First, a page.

Soviet Union (former) Coal
Sources: The Library of Congress Country Studies; CIA World Factbook
For about 150 years, coal was the dominant fuel in Russian and later in Soviet industry, and many industrial centers were located near coal deposits. In the 1960s, oil and gas replaced coal as the dominant fuel when plentiful, accessible supplies of these fuels were discovered. But coal remained an important energy source much for of Soviet industry. Total coal reserves, estimated in 1983 at 6.8 trillion tons, were the largest in the world, and since 1980 expanded coal production has been a standard goal of industrial planners. In the mid-1980s, approximately 40 percent of coal went to power-plant boiler units (steam coal) and 20 percent to metallurgy (coking coal). The rest went for export, to other industries, and to households. Shaft mines provided 60 percent of total production, surface mines the remainder.
Historically, the most important coal region has been the Donbass, on which the metallurgical industry was centered because of the cheap, plentiful coking coal it offered. Other traditional coking-coal centers were the Kuzbass in western Siberia and the Karaganda Basin in the northern Kazakh Republic. As deeper excavation and reclamation operations raised the cost of Donbass coal, other centers challenged its position as chief producer of coking coal. The second largest coal center in the European sector of the Soviet Union was the Pechora Basin, where shaft mines were less deep and labor productivity much higher than in the Donbass. In most of the European sector, shaft mines had to be dug deeper, seams were growing thinner, and methane concentration was higher. Despite these conditions, in the late 1980s shaft mines were still providing 75 percent of high-quality coking coal.
The highest cost factor in Soviet coal production was transportation. Even when extraction was very expensive, regions such as the Donbass and the Moscow Basin remained practical because they were so close to the metallurgical centers they served. Conversely, Kuzbass coal extraction was cheap, but its high-quality coking coal had to be transported long distances to industrial centers (for example, 2,200 kilometers to the Magnitogorsk metallurgical center). Transport distance also required that new thermoelectric plants be located near the coal and water resources that fueled their steam boilers. In the late 1980s, Soviet coal experts called for gradually less reliance on the Donbass and increased emphasis on the Kuzbass. Increased investment at the Donbass had failed to maintain production levels, indicating the necessity of this step. But rail transport costs from the Kuzbass and Siberia would rise steeply with added volume. Experimental slurry lines were opened in 1988 to provide possible alternative long-distance coal transport to the west.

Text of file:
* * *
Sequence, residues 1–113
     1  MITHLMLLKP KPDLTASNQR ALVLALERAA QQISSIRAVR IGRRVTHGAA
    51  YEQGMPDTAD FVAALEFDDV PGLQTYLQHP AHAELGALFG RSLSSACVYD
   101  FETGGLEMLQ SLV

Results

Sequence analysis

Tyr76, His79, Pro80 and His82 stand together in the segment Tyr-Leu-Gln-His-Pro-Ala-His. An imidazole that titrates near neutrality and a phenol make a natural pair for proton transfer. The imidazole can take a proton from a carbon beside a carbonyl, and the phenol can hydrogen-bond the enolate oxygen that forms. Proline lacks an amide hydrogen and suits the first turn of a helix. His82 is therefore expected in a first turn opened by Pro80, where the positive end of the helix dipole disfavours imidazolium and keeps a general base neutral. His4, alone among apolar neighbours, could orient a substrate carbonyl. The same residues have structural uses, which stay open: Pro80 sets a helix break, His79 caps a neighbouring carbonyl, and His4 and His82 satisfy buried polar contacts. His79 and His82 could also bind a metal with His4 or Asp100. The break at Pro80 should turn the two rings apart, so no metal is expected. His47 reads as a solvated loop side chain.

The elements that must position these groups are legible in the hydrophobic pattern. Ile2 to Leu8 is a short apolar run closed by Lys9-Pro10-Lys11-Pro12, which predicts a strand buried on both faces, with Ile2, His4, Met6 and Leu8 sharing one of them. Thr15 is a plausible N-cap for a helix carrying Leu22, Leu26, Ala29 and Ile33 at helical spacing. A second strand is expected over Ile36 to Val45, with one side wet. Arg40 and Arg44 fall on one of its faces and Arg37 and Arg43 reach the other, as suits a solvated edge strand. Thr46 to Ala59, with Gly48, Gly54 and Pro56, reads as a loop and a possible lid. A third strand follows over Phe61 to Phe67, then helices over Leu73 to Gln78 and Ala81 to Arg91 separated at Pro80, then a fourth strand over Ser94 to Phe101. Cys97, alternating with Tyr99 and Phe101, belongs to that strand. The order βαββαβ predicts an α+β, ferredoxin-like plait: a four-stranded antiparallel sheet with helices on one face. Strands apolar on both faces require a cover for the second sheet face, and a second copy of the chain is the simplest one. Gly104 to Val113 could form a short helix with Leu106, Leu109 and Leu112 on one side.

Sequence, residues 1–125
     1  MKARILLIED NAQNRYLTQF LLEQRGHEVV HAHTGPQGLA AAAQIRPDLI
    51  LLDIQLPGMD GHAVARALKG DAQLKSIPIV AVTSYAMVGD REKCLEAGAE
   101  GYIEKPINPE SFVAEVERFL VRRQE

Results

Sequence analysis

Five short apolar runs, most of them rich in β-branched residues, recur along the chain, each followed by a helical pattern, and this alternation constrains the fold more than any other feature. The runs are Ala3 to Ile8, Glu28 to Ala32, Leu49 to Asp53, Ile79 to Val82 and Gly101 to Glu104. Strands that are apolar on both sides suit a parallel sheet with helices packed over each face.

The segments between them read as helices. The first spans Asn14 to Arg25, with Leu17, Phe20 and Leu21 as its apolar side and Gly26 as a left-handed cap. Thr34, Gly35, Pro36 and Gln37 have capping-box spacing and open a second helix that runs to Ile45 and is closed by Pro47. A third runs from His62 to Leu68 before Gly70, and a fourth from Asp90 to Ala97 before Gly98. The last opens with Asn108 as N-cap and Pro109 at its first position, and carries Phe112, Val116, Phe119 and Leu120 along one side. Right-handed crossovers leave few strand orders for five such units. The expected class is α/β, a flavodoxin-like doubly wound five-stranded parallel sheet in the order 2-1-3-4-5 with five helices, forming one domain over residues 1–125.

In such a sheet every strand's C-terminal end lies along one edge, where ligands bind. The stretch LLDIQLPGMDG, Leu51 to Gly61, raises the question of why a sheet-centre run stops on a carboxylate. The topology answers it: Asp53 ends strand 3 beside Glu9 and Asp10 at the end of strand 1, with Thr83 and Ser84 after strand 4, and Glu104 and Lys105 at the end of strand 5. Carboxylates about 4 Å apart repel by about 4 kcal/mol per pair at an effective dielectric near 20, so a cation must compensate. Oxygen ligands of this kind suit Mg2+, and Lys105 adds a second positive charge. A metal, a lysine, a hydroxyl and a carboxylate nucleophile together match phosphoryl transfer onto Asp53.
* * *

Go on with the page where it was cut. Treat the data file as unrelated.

Future growth in coal production must come from east of the Urals, where an estimated 75 percent of the country's reserves lie. Most Siberian coal can be strip-mined, making production costs much lower and labor productivity much higher than shaft mining. Between 1977 and 1983, production in the Soviet Union's European basins fell by 32 million tons annually, and by the 1970s rail movement of coal westward across the Urals had doubled. To minimize transportation costs, major new power stations were built in the Kansko-Achinsk and Ekibastuz coal basins, whose low-quality brown coal, a cheap fuel, breaks down rapidly if transported over long distances. Coal from those mines required extensive processing before being burned in thermoelectric plants. By the year 2000, Kansko-Achinsk may be the most productive Soviet coal basin, with a planned yield of 400 million tons per year. The largest Soviet strip mine, Bogatyr, is located at Ekibastuz.
In the mid-1980s, low coal quality was still a major problem because efficient processing equipment was scarce. Huge reserves remained untapped in Siberia because of remoteness and low quality, but in the 1980s the South Yakut Basin in eastern Siberia was being developed with Japanese technical aid.
Data as of May 1989
NOTE: The information regarding Soviet Union (former) on this page is re-published from The Library of Congress Country Studies and the CIA World Factbook. No claims are made regarding the accuracy of Soviet Union (former) Coal information contained here. All suggestions for corrections of any errors about Soviet Union (former) Coal should be addressed to the Library of Congress and the CIA.